I have recently switched to Arch Linux as my main OS (I was using Windows 10 before) and am enjoying it quite a bit.
After figuring out workarounds and finding replacements for certain things, the only remaining issue for me is the disability to modify the GPU core voltage. This helped me immensely to iron out some instabilities when overclocking under Windows, even just with the relatively small range (iirc, up to +100mV) MSI Afterburner gives you.
Under Linux, using the “Coolbits” option in the Xorg configuration should also unlock the ability to adjust voltage via nvidia-settings CLI tool (see https://wiki.archlinux.org/index.php/NVIDIA/Tips_and_tricks#Enabling_overclocking).
The relevant attribute should then be either GPUCurrentCoreVoltage or GPUOverVoltageOffset (I’m thinking the former only to read and latter to adjust voltage?).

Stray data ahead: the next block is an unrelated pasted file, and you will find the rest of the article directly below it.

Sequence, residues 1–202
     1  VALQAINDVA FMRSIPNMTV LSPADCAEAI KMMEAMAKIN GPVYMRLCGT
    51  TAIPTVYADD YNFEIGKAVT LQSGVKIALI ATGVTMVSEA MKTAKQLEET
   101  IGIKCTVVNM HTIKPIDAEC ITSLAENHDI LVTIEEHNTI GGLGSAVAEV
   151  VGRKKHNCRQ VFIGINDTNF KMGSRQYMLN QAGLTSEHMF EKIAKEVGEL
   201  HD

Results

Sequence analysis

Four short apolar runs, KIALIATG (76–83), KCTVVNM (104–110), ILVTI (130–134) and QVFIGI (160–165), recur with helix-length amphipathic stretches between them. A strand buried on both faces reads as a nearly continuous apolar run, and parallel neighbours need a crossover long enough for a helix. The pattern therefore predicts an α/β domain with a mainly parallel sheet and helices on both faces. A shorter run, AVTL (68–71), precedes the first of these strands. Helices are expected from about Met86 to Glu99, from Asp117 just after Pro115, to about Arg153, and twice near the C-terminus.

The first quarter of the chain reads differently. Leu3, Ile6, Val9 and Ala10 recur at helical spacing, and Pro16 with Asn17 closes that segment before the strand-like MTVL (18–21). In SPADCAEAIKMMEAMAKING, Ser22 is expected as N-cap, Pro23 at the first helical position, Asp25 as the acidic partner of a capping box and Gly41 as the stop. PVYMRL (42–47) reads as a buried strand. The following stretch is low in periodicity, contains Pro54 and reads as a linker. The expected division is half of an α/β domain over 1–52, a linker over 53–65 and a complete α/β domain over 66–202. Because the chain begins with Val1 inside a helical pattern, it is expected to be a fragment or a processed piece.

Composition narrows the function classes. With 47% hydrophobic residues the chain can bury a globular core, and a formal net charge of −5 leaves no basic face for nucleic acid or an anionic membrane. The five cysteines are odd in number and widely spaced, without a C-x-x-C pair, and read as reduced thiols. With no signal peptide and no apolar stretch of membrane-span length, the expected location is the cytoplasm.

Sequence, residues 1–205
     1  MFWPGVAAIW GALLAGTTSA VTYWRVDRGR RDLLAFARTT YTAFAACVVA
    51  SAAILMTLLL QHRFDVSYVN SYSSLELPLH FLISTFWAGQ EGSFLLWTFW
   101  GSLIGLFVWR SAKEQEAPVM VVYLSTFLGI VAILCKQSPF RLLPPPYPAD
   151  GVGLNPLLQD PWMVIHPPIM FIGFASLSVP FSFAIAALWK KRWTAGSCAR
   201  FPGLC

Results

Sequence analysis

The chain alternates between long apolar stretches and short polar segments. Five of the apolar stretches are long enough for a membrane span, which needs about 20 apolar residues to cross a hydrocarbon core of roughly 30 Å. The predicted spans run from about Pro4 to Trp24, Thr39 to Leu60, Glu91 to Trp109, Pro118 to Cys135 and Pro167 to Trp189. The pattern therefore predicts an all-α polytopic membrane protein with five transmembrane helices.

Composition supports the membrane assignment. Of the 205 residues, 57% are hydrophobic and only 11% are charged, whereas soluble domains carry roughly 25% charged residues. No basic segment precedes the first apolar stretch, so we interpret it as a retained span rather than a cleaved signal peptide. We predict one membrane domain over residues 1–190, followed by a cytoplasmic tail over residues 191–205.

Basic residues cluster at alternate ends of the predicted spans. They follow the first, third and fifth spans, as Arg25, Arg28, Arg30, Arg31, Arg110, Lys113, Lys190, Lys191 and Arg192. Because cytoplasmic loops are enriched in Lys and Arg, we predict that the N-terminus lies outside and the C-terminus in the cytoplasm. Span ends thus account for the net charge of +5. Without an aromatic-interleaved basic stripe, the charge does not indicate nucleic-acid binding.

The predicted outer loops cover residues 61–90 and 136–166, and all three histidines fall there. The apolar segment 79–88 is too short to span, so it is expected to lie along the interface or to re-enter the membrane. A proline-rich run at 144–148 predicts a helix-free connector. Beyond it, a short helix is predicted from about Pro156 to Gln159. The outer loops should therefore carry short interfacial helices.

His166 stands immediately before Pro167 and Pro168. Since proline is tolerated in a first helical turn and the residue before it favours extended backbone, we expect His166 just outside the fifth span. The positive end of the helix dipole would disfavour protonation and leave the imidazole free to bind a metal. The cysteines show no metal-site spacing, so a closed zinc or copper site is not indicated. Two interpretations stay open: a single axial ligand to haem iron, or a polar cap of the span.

However, this doesn’t seem to work on both Pascal and Turing cards. I have tested this myself with my 1080 Ti using the latest driver (440.36) as well as various previous driver versions. Running something like nvidia-settings --query all | grep -i volt yields no results and even when manually looking through the list of attributes, it doesn’t seem to contain anything in regards to voltage reading or adjusting.
Searching on the web revealed a few mentions of this:
However, I couldn’t find any statement or information about why adjusting core voltage would no longer be possible (or got disabled) on Pascal and Turing cards.
Since it is possible under Windows and apparently also works under Linux when using pre-Pascal cards, this seems like a rather arbitrary limitation to me.
Especially with Proton and Linux gaming in general getting better and more popular, I would love to see this option being available for more recent cards. Enthusiasts (like myself) would surely appreciate the ability to reach the same overclocks on Linux as on Windows.
Edit: The thing I’m interested in is overvolting in particular. It looks like undervolting has never been possible on Linux with the official drivers.